Project Chenango: What Does The Future Hold For Chenango County?
Published: August 20th, 2015

By Melissa Stagnaro


It’s easy to remember why we’re proud to call Chenango County home at the height of summer, when the days are picture perfect. Yes, the natural beauty of our area – from Lincklaen to Afton and all points in between – is one of our greatest assets.

There are, however, other factors that challenge our feelings of pride. There is poverty and all the socio-economic issues that go along with it, such as crime, domestic violence and drug abuse. A large percentage of our workforce struggles to survive on wages that feel frozen in time. Employers struggle to find skilled employees to fill openings. Taxes and mandates smother growth. Businesses – large and small – face adversity under the burdens of a ‘business friendly’ state. Inequalities in property assessments lead some homeowners to pay more than their fair share. We are saddled with an aging infrastructure, high energy costs and more.

Faced with these myriad challenges, we have a choice. We can accept the status quo, or we can face them head on.

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Over the next 12 weeks, we’ll be doing just that: facing these issues head on in a new series entitled, Project Chenango.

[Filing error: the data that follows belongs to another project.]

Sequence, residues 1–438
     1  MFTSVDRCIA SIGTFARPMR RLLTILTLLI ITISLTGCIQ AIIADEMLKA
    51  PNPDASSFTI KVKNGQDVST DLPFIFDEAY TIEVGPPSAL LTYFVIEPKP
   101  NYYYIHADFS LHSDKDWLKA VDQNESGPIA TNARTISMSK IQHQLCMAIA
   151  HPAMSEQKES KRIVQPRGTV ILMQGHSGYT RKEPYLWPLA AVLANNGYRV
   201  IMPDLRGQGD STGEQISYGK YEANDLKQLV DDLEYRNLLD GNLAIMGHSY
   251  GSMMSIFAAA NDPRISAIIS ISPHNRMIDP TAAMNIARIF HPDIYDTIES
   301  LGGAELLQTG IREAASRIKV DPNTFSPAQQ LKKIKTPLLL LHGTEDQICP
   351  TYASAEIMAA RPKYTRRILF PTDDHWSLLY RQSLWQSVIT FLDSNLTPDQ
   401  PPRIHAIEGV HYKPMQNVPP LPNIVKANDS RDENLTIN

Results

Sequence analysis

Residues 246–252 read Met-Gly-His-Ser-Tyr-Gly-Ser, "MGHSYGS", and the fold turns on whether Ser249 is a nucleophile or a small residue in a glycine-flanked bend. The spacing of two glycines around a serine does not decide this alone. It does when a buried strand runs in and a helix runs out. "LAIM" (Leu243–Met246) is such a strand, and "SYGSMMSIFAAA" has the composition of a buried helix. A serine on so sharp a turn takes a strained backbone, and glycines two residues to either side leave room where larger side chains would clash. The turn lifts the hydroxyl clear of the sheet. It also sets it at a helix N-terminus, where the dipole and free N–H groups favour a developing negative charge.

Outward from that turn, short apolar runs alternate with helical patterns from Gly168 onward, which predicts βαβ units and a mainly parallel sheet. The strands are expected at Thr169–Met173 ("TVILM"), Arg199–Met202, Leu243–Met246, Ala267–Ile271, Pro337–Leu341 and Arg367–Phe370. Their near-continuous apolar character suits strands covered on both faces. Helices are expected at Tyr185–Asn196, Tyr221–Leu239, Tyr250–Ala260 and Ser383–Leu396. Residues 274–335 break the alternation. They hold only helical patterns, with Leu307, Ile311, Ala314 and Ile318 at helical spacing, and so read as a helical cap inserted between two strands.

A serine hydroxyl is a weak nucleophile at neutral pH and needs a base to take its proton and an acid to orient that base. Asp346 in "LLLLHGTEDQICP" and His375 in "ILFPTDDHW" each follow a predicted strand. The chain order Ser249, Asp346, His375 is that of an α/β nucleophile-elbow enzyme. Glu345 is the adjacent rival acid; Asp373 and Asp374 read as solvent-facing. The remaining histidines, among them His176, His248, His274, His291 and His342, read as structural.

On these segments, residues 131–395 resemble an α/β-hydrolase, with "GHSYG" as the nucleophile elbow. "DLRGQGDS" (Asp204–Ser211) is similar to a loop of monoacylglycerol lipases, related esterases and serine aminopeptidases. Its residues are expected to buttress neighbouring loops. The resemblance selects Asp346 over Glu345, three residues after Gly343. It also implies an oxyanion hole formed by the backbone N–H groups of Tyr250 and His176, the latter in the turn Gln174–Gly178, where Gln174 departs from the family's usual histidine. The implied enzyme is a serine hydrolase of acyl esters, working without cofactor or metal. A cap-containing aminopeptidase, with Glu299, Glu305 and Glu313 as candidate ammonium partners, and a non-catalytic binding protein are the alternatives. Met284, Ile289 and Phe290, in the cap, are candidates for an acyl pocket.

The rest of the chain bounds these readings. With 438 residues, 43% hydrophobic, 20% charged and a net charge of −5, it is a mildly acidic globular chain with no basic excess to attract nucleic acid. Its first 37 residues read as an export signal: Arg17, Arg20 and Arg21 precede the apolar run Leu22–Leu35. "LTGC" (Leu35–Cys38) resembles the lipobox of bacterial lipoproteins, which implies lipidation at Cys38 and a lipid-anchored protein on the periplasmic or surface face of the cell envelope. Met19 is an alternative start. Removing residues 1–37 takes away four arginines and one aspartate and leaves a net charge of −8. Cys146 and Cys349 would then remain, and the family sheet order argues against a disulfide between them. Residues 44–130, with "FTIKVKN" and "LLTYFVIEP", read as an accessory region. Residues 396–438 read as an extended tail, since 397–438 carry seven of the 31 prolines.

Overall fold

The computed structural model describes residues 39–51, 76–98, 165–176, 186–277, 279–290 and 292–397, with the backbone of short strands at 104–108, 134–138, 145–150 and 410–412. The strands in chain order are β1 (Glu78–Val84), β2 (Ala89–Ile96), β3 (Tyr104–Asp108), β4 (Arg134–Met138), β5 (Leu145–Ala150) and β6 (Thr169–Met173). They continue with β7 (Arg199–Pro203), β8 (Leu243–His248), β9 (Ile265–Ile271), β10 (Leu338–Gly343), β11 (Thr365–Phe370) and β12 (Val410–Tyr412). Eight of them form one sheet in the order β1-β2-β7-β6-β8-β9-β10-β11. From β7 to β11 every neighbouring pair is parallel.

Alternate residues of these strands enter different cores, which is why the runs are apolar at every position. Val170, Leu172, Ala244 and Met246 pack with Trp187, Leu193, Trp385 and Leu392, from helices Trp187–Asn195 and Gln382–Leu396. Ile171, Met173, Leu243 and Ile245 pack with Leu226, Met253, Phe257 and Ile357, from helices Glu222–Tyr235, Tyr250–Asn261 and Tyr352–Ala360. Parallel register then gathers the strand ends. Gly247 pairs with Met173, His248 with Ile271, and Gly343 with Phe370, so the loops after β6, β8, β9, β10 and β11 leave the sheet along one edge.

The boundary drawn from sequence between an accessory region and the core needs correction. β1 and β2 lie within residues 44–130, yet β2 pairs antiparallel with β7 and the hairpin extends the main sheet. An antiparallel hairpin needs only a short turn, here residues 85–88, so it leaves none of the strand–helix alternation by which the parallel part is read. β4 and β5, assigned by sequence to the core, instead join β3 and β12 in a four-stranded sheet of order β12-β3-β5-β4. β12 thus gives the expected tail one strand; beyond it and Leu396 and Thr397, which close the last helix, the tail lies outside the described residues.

Each of these challenges presents an opportunity for change. We have a choice. We can complain about these issues. Or we can seize the opportunity to face them head on.

In this 12-part series, we will examine our community’s most pressing issues and needs, including those we’ve laid out above. We’ll tell the stories of those directly impacted. We’ll identify the people and organizations already working to effect change in some of these areas, and highlight where work still needs to be done. The series will end on a higher note, discussing where we as a community can go from here, working toward a better, more prosperous Chenango County.

We won’t be pulling any punches. This will be a hard-hitting series. We want to lay it out for you in black and white. We have to, because to do anything less would be a disservice to you, our readers, and this community.

We are not, however, setting out to paint our county in a negative light, but rather a realistic one. Our challenges are real, but so are our opportunities for positive and lasting change. We hope this series will be a catalyst for that kind of change.